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Austerity, Community Action, and the Future of Citizenship$
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Shana Cohen, Christina Fuhr, and Jan-Jonathan Bock

Print publication date: 2017

Print ISBN-13: 9781447331032

Published to Policy Press Scholarship Online: May 2018

DOI: 10.1332/policypress/9781447331032.001.0001

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Aiming for reconnection: responsible citizenship

Aiming for reconnection: responsible citizenship

Chapter:
(p.255) Fifteen Aiming for reconnection: responsible citizenship
Source:
Austerity, Community Action, and the Future of Citizenship
Author(s):

Christopher Baker

Publisher:
Policy Press
DOI:10.1332/policypress/9781447331032.003.0015

This chapter examines, via two-faith based case studies of welfare provision and social justice (a food project and a local currency initiative), emerging performative practices of responsible citizenship and explores their implications for public policy and political philosophy. Key concepts framing this debate include ideas of postsecularity, spiritual capital, progressive localism, moral pluralism and spaces of convergence. The chapter argues that we are in the process of shifting from a Rawlsian framed understanding of responsible citizenship to a post-Rawlsian one. The former framework proposed an expectation of rational citizenship in the form of individualised cognitive assent to universalist conceptual frameworks based on notions of justice, equality and liberty. The new post-Rawlsian framework is based on more affective and performative ideas or subjectivities of citizenship, based on the desire for a re-connectivity after 40 years of neo-liberalised imaginaries and assumptions. This desire to reconnect at both a community and an ethical level is driven both by deepening inequality and lack of hope in several localities, but also a complex framing of macro drivers including the re-emergence of religious and non-religious beliefs in public sphere, and the realisation of the depth of the moral as well as political crisis presented in current modernity. The author refers to these faith-curated case studies as new spaces of convergence that express a radical hospitality and commitment to practically living out an ethic of care and dignity. The clear moral religious frameworks characterising these spaces attracts other social actors from a variety of political, epistemological and ontological positions which creates added value in terms of problem solving capability, insight and shared resources.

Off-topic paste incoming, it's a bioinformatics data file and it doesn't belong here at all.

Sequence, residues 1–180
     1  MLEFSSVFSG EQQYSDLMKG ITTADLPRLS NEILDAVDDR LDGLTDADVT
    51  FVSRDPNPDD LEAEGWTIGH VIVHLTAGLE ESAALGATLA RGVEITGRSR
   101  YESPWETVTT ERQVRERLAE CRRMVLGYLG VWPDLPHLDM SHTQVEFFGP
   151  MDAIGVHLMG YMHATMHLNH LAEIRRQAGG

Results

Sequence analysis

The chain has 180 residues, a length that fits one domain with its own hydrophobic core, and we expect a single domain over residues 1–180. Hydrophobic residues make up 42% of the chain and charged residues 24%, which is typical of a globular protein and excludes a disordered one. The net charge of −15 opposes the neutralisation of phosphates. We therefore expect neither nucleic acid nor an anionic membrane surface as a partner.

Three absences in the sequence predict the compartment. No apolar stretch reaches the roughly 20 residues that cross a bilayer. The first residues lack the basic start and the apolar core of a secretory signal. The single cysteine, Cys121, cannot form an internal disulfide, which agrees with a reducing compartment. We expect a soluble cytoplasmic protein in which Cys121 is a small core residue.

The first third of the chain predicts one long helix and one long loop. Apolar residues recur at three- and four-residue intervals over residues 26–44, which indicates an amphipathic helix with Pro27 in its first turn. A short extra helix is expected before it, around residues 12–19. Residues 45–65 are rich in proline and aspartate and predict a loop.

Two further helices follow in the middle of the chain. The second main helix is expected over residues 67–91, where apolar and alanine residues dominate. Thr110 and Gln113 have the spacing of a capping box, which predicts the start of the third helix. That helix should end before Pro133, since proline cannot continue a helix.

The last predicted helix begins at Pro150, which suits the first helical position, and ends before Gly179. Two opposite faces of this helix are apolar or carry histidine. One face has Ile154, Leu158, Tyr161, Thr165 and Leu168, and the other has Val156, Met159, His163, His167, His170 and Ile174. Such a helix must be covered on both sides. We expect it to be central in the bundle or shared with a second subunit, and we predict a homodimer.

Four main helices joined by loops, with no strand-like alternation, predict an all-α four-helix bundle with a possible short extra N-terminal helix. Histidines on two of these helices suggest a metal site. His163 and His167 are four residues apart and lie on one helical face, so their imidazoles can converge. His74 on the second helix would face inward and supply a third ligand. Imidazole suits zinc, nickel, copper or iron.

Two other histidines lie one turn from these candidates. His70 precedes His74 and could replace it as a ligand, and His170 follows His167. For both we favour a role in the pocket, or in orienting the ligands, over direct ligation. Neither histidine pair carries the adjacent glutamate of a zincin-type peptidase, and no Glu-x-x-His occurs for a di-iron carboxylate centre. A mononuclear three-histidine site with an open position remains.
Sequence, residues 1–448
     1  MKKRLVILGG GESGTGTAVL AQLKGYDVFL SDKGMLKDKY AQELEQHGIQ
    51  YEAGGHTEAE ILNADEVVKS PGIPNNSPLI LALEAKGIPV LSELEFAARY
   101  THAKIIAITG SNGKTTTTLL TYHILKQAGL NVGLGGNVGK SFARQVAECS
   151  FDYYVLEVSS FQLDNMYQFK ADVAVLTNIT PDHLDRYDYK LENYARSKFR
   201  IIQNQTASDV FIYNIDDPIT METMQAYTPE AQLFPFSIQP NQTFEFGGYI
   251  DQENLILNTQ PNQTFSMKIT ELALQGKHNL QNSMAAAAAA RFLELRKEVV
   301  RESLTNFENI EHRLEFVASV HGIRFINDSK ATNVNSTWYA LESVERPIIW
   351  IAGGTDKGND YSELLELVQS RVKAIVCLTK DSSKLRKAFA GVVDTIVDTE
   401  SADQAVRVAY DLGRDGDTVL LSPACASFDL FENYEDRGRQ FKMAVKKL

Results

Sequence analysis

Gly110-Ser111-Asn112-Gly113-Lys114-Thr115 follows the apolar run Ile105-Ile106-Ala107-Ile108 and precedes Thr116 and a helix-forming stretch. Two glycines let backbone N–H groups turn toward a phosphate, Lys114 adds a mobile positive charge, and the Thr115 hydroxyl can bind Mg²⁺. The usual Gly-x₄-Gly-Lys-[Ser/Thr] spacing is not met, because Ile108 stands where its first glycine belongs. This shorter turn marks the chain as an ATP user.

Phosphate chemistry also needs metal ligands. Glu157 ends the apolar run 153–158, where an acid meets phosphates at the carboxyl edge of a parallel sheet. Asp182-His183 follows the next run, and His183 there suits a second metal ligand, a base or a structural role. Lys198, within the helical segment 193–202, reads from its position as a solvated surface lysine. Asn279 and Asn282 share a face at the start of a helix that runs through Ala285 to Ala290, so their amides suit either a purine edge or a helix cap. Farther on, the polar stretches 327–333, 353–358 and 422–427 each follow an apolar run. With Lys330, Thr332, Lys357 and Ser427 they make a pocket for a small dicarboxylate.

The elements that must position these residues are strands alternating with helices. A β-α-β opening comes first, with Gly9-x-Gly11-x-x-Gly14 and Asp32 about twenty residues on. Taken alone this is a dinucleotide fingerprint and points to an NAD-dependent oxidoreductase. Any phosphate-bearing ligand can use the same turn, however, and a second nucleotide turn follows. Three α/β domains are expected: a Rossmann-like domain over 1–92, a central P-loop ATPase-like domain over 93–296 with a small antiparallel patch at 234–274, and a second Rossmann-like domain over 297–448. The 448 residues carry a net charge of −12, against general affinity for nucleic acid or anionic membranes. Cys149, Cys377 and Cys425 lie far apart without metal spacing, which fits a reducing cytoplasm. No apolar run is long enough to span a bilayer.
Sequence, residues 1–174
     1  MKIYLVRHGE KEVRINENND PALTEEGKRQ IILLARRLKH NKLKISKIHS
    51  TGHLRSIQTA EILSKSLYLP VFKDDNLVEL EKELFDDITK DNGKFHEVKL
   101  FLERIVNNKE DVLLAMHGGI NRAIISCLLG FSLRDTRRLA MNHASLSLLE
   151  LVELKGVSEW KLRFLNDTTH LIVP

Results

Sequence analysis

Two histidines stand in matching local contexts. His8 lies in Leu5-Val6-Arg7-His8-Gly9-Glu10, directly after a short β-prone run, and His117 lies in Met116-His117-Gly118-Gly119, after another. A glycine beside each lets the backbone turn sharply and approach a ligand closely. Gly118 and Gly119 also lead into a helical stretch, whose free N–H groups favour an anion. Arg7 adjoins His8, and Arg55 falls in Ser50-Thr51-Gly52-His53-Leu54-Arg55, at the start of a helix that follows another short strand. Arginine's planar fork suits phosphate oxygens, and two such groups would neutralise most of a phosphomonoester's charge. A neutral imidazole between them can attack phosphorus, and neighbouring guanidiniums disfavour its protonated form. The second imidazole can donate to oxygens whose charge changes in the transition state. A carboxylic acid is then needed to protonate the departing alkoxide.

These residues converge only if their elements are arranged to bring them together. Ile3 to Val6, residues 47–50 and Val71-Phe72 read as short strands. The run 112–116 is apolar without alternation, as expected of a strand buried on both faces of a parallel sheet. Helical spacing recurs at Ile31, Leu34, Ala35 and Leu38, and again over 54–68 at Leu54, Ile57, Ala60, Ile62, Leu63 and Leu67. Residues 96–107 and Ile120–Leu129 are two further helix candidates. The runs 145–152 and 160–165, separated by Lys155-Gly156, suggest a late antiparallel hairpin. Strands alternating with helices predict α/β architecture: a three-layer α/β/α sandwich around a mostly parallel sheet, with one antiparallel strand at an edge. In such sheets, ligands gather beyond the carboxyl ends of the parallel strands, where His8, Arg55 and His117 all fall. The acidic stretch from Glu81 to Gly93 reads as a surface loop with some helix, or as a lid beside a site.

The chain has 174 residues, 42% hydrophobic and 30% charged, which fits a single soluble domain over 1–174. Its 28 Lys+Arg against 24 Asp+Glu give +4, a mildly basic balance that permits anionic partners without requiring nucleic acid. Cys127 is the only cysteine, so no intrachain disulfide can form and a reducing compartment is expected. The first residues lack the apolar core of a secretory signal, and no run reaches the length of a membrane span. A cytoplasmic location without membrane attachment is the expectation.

Keywords:   Politics, religion, belief, localism, convergence

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